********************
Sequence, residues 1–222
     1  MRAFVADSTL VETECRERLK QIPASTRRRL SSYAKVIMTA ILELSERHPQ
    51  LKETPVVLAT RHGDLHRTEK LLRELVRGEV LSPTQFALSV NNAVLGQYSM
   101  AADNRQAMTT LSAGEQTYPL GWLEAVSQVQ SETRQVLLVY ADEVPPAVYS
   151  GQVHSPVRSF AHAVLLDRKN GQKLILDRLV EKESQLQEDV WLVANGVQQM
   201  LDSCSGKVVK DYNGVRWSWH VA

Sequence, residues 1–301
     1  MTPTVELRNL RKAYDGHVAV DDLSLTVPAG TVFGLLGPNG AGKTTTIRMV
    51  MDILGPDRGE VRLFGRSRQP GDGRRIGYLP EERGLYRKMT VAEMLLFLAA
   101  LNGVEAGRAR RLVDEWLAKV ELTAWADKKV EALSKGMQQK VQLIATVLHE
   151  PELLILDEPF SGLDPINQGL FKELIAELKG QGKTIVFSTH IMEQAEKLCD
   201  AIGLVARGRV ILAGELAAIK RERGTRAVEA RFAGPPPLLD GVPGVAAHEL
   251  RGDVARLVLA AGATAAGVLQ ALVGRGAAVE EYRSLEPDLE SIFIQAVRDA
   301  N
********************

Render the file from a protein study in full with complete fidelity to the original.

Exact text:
Sequence, residues 1–222
     1  MRAFVADSTL VETECRERLK QIPASTRRRL SSYAKVIMTA ILELSERHPQ
    51  LKETPVVLAT RHGDLHRTEK LLRELVRGEV LSPTQFALSV NNAVLGQYSM
   101  AADNRQAMTT LSAGEQTYPL GWLEAVSQVQ SETRQVLLVY ADEVPPAVYS
   151  GQVHSPVRSF AHAVLLDRKN GQKLILDRLV EKESQLQEDV WLVANGVQQM
   201  LDSCSGKVVK DYNGVRWSWH VA

Sequence, residues 1–301
     1  MTPTVELRNL RKAYDGHVAV DDLSLTVPAG TVFGLLGPNG AGKTTTIRMV
    51  MDILGPDRGE VRLFGRSRQP GDGRRIGYLP EERGLYRKMT VAEMLLFLAA
   101  LNGVEAGRAR RLVDEWLAKV ELTAWADKKV EALSKGMQQK VQLIATVLHE
   151  PELLILDEPF SGLDPINQGL FKELIAELKG QGKTIVFSTH IMEQAEKLCD
   201  AIGLVARGRV ILAGELAAIK RERGTRAVEA RFAGPPPLLD GVPGVAAHEL
   251  RGDVARLVLA AGATAAGVLQ ALVGRGAAVE EYRSLEPDLE SIFIQAVRDA
   301  N